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Old 31-10-2011, 08:13   #65
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Re: Crew of SV 'Sanctuary' Abandon Ship

The film is a little grainy, I'm trying to figure out what's on the bow.

Is that an inflatable? Also an outboard motor on the stern rail? It looks like the anchor is still on the bow roller. I see a bimini tied in the up position, but I can't determine if they have a dodger up? It almost looks like it's laying down on the cabin top? Can anyone make that out?

Could taking on water mean that they don't have companion way boards up, no dodger and the seas are pouring in below? Anyway that's as much guessing/wondering that I'll do.

Hud is right, there's no way of telling what the health or mental state of the crew was.
I've lost two crew to seasickness for 3 days, in conditions like that. It placed the burden on the remaining crew to hand steer in one hour shifts ( 1 on 2 off) for 24 hours a day to keep the boat moving. The worst part of the day for me comes around 3 A.M in the morning, when you're so exhausted you just want to get carried away by the next wave, so that you can get some sleep...lol...( the mind at 3 am plays tricks ) It's a chore to get food into you to maintain strength, it's almost not worth the expenditure of time and energy to get out of your foulies. The cabin is so hot, damp and stuffy you sleep on deck tied in.
The crew looked pretty healthy getting on board the cruise ship, but I've seen people suddenly rise from the depths of seasickness once back in the sight of land. My seasick crew rose from the dead and made record time to the airport..
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Old 31-10-2011, 08:38   #66
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Re: Crew of SV 'Sanctuary' Abandon Ship

I would like to hear the full story on this one. Maybe something like a cracked rudderstock tube or something like that in a hard to reach and impossible to remedy (maybe) situation where they can't steer properly and it will just get worse if they continue...dunno.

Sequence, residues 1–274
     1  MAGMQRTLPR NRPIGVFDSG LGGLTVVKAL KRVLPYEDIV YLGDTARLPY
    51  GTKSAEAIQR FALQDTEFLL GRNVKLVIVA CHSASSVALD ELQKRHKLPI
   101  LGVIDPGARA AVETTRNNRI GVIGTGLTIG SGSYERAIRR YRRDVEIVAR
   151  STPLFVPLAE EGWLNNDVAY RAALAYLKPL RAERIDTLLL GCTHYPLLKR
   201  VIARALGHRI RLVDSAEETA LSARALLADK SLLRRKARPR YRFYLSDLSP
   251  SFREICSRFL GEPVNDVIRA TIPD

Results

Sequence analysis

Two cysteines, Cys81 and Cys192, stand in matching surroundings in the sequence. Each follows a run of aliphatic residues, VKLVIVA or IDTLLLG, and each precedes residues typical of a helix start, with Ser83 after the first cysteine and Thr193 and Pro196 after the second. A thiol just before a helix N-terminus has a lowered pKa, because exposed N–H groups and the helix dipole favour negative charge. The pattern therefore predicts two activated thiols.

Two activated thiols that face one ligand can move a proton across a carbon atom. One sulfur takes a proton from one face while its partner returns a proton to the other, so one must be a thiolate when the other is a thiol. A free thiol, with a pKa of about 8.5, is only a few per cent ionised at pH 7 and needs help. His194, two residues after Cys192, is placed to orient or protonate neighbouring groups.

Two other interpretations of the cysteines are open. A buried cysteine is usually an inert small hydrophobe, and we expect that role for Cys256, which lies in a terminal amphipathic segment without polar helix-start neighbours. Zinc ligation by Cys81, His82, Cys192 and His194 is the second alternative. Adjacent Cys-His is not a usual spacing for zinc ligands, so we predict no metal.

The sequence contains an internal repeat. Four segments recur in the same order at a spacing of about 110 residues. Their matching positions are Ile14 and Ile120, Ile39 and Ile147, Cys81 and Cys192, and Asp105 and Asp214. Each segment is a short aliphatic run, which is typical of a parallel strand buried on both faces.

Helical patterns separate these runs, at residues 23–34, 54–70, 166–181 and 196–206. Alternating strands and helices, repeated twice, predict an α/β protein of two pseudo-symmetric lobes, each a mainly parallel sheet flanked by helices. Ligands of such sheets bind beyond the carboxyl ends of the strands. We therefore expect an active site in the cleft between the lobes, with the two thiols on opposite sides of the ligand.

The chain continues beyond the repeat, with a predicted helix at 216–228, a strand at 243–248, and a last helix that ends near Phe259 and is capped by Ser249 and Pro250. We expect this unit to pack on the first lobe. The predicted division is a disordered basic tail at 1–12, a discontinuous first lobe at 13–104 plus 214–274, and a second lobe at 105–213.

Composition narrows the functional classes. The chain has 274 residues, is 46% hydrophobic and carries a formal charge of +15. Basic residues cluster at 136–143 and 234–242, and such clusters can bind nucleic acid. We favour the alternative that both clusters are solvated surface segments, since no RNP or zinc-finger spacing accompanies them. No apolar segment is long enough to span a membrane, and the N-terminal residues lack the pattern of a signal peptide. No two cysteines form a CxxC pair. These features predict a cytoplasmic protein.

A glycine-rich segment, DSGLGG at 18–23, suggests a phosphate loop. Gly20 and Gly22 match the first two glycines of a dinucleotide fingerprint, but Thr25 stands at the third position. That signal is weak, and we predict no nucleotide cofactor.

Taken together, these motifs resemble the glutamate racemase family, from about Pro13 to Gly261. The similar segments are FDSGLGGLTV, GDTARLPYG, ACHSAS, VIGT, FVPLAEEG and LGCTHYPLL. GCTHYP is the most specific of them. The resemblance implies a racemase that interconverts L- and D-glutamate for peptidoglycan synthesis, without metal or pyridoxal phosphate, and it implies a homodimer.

But I agree those seas were nasty, but not so severe in my experience. The boat seems on her lines and I couldn't see rig damage...doesn't mean that boom isn't lashed down with a broken gooseneck or something.

I wonder if they dogged down everything? The boat might indeed end up in Ireland for Christmas if it isn't actually sinking due to a fatal crack or something.

Irrespective, that cruise ship showed excellent seamanship and nobody died, which is the important part.
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Old 31-10-2011, 08:47   #67
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Re: Crew of SV 'Sanctuary' Abandon Ship

I have to agree with svHylyte that the seas don't look huge, even considering the fact that video won't do them justice. However, forty knots sustained will easily produce 18-20 footers.

Two factors to consider. First, the 1,000 foot cruise ship hove to upwind to create a lee-side "slick" for launch and recovery of the rescue vessel. The Beneteau would have benefited from that as well, so what you see on the video may not accurately represent what they were actually experiencing earlier when they called for help. Second, "comfort levels" experienced on board in such conditions vary considerably from boat to boat. I've been offshore passage making on a fairly lightweight fin keel in Force 8, and my IP 380 in Force 9. I could barely manage to get in and out of my foulies in the first boat due to the violent, unpredictable motion. Sleep was elusive due to rolling around like a log in the lee cloths. To the contrary, we were able to cook hot suppers and sleep well in the IP. The keel, shape of the underbody and 9,000 pounds of lead ballast in the IP made a difference, I suppose.